Appleton's Cyclopedia of American Biography, edited by James
Grant Wilson, John Fiske and Stanley L. Klos. Six volumes, New York: D. Appleton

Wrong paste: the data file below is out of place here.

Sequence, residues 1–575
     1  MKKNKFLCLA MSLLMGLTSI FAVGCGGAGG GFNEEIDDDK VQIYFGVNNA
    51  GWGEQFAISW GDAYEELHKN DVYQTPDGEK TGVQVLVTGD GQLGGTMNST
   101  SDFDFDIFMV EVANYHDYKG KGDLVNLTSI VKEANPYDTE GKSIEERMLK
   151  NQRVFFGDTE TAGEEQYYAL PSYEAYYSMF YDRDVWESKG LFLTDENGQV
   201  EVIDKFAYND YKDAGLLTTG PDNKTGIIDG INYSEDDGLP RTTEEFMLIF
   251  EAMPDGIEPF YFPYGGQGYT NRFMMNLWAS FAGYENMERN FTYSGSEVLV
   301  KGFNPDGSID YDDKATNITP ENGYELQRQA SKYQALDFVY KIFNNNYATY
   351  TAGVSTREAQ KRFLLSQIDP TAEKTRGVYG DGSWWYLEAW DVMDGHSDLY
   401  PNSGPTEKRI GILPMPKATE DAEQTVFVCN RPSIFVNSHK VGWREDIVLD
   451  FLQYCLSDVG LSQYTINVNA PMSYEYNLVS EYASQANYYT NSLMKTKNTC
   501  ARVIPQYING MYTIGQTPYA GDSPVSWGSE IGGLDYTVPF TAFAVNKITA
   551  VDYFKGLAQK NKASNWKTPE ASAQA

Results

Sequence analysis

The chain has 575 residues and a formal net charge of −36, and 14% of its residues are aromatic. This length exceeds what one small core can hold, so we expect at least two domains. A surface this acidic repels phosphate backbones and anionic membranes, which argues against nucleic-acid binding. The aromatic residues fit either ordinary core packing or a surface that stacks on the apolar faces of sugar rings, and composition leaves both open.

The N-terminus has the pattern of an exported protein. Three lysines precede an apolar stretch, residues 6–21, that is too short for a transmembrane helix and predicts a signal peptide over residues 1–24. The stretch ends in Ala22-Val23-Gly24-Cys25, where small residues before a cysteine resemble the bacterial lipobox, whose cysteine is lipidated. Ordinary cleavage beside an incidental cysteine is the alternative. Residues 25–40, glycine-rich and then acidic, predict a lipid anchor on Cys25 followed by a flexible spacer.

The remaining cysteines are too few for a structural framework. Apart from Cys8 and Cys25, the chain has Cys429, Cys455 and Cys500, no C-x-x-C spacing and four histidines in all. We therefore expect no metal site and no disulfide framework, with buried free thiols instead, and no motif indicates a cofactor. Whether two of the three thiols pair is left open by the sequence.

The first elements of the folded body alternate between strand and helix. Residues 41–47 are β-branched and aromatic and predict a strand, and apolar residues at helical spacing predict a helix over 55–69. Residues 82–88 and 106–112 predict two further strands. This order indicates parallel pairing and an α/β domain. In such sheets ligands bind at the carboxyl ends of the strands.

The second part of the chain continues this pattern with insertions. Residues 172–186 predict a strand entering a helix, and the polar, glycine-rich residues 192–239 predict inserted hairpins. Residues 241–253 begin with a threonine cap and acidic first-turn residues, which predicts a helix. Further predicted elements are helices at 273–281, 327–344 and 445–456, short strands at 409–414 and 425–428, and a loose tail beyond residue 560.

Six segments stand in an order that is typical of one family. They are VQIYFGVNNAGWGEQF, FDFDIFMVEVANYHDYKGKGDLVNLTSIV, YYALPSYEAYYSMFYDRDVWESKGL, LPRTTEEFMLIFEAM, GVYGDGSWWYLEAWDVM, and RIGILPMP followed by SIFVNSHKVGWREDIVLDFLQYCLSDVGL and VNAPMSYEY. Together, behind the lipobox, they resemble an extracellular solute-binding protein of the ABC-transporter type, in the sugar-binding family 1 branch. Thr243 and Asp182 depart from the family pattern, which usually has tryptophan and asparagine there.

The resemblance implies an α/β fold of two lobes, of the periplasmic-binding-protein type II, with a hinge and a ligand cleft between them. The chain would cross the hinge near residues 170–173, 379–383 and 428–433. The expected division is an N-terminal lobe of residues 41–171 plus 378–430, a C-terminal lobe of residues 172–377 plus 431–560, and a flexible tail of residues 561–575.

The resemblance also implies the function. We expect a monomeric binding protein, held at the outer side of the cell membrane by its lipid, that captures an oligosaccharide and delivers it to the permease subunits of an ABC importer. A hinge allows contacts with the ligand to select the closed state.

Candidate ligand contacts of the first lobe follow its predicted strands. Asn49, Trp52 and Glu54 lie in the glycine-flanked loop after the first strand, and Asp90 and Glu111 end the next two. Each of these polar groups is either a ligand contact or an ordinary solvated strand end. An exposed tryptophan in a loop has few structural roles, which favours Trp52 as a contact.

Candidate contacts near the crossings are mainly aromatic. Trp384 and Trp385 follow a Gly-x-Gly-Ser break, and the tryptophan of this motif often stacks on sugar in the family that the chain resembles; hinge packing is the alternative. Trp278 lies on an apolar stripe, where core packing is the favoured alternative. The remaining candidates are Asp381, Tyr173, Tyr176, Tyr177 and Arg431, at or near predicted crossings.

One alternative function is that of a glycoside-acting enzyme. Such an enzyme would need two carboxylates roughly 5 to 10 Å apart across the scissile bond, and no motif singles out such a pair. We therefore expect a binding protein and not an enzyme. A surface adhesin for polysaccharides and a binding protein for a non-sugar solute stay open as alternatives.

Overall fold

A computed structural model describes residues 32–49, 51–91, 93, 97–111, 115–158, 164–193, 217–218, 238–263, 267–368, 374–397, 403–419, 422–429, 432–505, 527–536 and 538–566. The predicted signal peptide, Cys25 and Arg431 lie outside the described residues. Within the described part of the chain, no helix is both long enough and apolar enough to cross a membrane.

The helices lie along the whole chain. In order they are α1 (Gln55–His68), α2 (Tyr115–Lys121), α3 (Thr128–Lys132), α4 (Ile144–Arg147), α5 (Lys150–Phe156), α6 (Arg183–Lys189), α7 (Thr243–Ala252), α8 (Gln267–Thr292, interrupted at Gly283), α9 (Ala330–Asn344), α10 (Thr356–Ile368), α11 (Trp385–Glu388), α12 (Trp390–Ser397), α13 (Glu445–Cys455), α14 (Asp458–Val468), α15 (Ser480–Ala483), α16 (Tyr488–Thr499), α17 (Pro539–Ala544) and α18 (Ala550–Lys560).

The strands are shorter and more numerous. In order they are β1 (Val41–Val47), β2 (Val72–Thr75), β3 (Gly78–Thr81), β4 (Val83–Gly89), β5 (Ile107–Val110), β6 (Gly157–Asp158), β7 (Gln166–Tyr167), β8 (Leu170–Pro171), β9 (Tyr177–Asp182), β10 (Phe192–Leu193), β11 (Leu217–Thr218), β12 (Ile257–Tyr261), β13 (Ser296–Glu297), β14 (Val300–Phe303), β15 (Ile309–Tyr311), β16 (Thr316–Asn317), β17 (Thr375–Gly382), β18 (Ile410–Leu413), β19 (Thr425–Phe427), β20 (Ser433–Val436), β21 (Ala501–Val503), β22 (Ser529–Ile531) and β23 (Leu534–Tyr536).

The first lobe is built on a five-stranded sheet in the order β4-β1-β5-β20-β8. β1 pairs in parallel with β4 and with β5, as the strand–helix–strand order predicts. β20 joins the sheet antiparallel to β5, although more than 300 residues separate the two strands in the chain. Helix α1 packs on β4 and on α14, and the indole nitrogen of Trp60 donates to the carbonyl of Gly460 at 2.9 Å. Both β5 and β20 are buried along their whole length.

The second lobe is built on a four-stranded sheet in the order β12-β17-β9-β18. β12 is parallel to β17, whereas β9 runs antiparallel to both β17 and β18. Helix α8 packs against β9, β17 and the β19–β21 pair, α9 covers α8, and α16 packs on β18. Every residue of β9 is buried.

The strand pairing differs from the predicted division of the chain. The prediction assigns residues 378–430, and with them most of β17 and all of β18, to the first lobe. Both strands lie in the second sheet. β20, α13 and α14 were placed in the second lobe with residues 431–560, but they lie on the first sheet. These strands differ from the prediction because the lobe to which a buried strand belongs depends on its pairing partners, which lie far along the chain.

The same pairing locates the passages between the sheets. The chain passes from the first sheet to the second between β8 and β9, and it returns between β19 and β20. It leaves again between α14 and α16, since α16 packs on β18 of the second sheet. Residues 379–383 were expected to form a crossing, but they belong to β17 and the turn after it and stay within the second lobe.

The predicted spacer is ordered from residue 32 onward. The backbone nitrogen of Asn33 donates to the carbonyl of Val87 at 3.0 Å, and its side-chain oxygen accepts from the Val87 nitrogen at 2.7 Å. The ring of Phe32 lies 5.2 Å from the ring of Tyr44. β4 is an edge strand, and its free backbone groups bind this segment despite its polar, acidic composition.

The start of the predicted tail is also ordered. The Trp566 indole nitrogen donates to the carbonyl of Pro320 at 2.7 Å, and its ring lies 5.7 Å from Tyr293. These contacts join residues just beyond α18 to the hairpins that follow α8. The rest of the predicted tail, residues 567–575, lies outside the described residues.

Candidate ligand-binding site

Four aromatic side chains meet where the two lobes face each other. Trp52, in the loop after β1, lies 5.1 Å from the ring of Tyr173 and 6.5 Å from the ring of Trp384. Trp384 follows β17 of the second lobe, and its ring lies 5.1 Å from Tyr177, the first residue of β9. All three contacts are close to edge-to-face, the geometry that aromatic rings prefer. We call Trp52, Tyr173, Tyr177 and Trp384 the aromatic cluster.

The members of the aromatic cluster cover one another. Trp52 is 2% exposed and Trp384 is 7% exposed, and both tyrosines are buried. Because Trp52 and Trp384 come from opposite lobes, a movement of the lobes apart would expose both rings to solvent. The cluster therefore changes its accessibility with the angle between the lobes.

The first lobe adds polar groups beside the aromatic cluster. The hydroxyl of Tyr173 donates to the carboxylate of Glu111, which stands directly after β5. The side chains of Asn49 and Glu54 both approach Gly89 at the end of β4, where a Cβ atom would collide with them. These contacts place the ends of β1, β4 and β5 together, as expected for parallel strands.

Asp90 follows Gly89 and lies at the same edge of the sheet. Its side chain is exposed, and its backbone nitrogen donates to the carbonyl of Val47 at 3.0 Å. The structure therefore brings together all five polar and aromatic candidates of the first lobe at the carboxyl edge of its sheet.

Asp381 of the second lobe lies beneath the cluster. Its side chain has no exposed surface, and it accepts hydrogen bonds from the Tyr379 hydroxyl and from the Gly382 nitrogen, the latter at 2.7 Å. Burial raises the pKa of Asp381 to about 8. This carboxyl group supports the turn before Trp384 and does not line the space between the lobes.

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WEST, Samuel, clergyman, born in Yarmouth, Massachusetts, 3 March, 1730: died in Tiverton, Rhode Island, 24 September, 1807. His father, Sackville West a physician, removed soon after his son's birth to Barn-stable, Massachusetts, where the boy labored on a farm and prepared himself for college. He was graduated at Harvard in 1754, entered the ministry, was settled over the congregation in New Bedford in 1761, and taught the doctrine that afterward became known as Unitarian. Immediately after the bat-tie of Bunker Hill he joined the American army as a chaplain, remained several months with it, and deciphered for General Washington a treasonable letter from Dr. Benjamin Church to an officer in the British army. He was a member of the convention that formed the constitution of the state of Massachusetts, and also of the convention for the adoption of the constitution of the United States. Among his publications are a sermon that was delivered, 29 May, 1776, being the anniversary for the election of the honorable council for the colony (Boston, 1776);" A Sermon on the Anniversary of the Landing of the Fathers at Plymouth" (1777); and " Essays on Liberty and Necessity," in reply to Jonathan Edwards "On the Will" (2 parts, 1793-'5).--His brother, Benjamin, lawyer, born in Plymouth county, Massachusetts, 8 April, 1746; died in Charlestown, New Hampshire, 27 July, 1817, was educated at Princeton and at Harvard, where he was graduated in 1768. He afterward taught for two years, then studied theology with his brother Samuel at Needham, Massachusetts, and began to preach at Wrentham, Massachusetts, in January, 1771. He soon abandoned divinity for law, which he pursued at Lancaster, was admitted to the bar in 1773, and began practice at Charlestown. He was chosen a delegate from New Hampshire to the Continental congress, was elected a member of the convention that framed the Federal constitution, and also a representative from New Hampshire to the first congress, but he declined in each instance. He was distinguished for amiability, modesty, uprightness, and piety, and was universally esteemed and loved.
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